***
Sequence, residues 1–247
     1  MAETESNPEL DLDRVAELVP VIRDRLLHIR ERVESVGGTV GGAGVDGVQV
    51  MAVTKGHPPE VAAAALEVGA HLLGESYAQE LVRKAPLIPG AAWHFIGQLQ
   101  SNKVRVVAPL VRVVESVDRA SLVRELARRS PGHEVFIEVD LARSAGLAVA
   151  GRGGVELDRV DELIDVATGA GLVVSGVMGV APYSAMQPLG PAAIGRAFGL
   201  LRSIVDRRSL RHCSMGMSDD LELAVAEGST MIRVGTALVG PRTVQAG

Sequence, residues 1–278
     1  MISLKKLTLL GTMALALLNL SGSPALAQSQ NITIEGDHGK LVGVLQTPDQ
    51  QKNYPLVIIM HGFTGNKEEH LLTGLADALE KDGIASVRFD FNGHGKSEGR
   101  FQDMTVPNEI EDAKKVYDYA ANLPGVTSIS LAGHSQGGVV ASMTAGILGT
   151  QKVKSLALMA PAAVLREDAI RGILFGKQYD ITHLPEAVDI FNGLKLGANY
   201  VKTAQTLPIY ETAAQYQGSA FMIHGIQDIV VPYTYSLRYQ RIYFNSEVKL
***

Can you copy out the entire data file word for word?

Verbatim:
Sequence, residues 1–247
     1  MAETESNPEL DLDRVAELVP VIRDRLLHIR ERVESVGGTV GGAGVDGVQV
    51  MAVTKGHPPE VAAAALEVGA HLLGESYAQE LVRKAPLIPG AAWHFIGQLQ
   101  SNKVRVVAPL VRVVESVDRA SLVRELARRS PGHEVFIEVD LARSAGLAVA
   151  GRGGVELDRV DELIDVATGA GLVVSGVMGV APYSAMQPLG PAAIGRAFGL
   201  LRSIVDRRSL RHCSMGMSDD LELAVAEGST MIRVGTALVG PRTVQAG

Sequence, residues 1–278
     1  MISLKKLTLL GTMALALLNL SGSPALAQSQ NITIEGDHGK LVGVLQTPDQ
    51  QKNYPLVIIM HGFTGNKEEH LLTGLADALE KDGIASVRFD FNGHGKSEGR
   101  FQDMTVPNEI EDAKKVYDYA ANLPGVTSIS LAGHSQGGVV ASMTAGILGT
   151  QKVKSLALMA PAAVLREDAI RGILFGKQYD ITHLPEAVDI FNGLKLGANY
   201  VKTAQTLPIY ETAAQYQGSA FMIHGIQDIV VPYTYSLRYQ RIYFNSEVKL